In March, I was ready. I got a call from a startup where I am on the board. They had lost a big chunk of their development team, they were working from home, and they wanted to switch to a global team. I was able to run my playbook, and fill five slots in two weeks. I was also able to increase the value delivered by simplifying the product and improving focus. We compressed a 700 ticket backlog into a 10 slot Kanban board. By June, revenue had increased 3X.
Suddenly, everyone wants a software team that’s distributed, global, and rocking with continuous delivery. Here’s a checklist to help you get the best team, fast.
I have been studying and building and managing these teams since 1999, when I called it “inspired by open source”. I started a SaaS company in 2005 to give them online workspaces. I wrote a book on a style of continuous agile development that works well for distributed teams.
Many startups will benefit from an approach that includes
- A global, distributed team
- High volume recruiting with global advertising and trial engagements
- A team guided by tech leads and product management to focus on product output. This is different from a CTO-style operation oriented toward organizational and architectural structure.
- A continuous delivery process that unites the team around a single thing that they can all see and work on at the same time.
You can build this type of team quickly. Here are the questions I ask to set it up.
- What is your monthly budget for a fully formed development operation?
- Which people need to be working in your headquarters nation?
- Do we have access to equity incentives? Who would qualify?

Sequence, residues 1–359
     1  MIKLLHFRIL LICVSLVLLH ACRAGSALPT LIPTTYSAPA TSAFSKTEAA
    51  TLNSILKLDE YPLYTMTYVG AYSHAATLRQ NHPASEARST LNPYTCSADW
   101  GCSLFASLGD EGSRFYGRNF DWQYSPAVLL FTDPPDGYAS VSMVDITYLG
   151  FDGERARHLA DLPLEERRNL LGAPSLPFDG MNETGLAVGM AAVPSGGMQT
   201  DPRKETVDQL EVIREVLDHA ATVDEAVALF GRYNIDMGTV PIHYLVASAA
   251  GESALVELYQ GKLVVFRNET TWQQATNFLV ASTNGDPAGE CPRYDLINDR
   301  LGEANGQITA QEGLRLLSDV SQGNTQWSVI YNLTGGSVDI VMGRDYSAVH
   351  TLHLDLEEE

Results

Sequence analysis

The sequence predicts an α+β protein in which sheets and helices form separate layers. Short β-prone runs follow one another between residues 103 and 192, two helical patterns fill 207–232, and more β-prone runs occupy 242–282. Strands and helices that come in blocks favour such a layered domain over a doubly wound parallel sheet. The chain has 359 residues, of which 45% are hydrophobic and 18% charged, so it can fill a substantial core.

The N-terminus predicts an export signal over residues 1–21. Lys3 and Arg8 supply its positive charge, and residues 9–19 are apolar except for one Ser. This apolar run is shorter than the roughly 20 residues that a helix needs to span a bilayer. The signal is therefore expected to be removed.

- Who does this project report to?
- How does product management work? Strong product management is the most important factor in product success. Do you have engaged product managers, or are you going to need to engage the development team by giving them success metrics and customer access?
- How do you agree on product architecture?
- Do we have metrics for product success?
- What do we need to get done in the next year to justify the expenditure?
- What are we working on now? What do we need to get done in the trial period? Who answers questions about that?
- Do we have a written backlog of trial tasks?
GETTING TO WORK
- Who will work with candidates on a daily basis?
- Who will sign off on the trial engagements?
- Who will approve more permanent hires?
- What does the existing employment contract look like?
- Do we have a contract for work-for-hire distributed team members?
SKILLS AND ROLES
- What does the software stack look like now?
- Who on the existing team can answer any and all tech questions?
- Do we have skill gaps in the existing team that we need to fill immediately?
- Are we migrating in the direction of a standard stack that will make our recruiting easier?
- What are the real requirements for incoming skills and experience, versus learnable skills? I go on the theory that you want to hire for talent rather than overly-specific skills or experience levels.
- What are the roles that we can recruit for in this batch?
What is the infrastructure that we will bring candidates into?
- Code repository
- Task list
- Design process
- Build and deployment processes
- What is the list of builds and products? How close are we to single-tenant?
- Release frequency
- Operations and monitoring
When you can answer these questions, you will be ready to start your recruiting and production machine.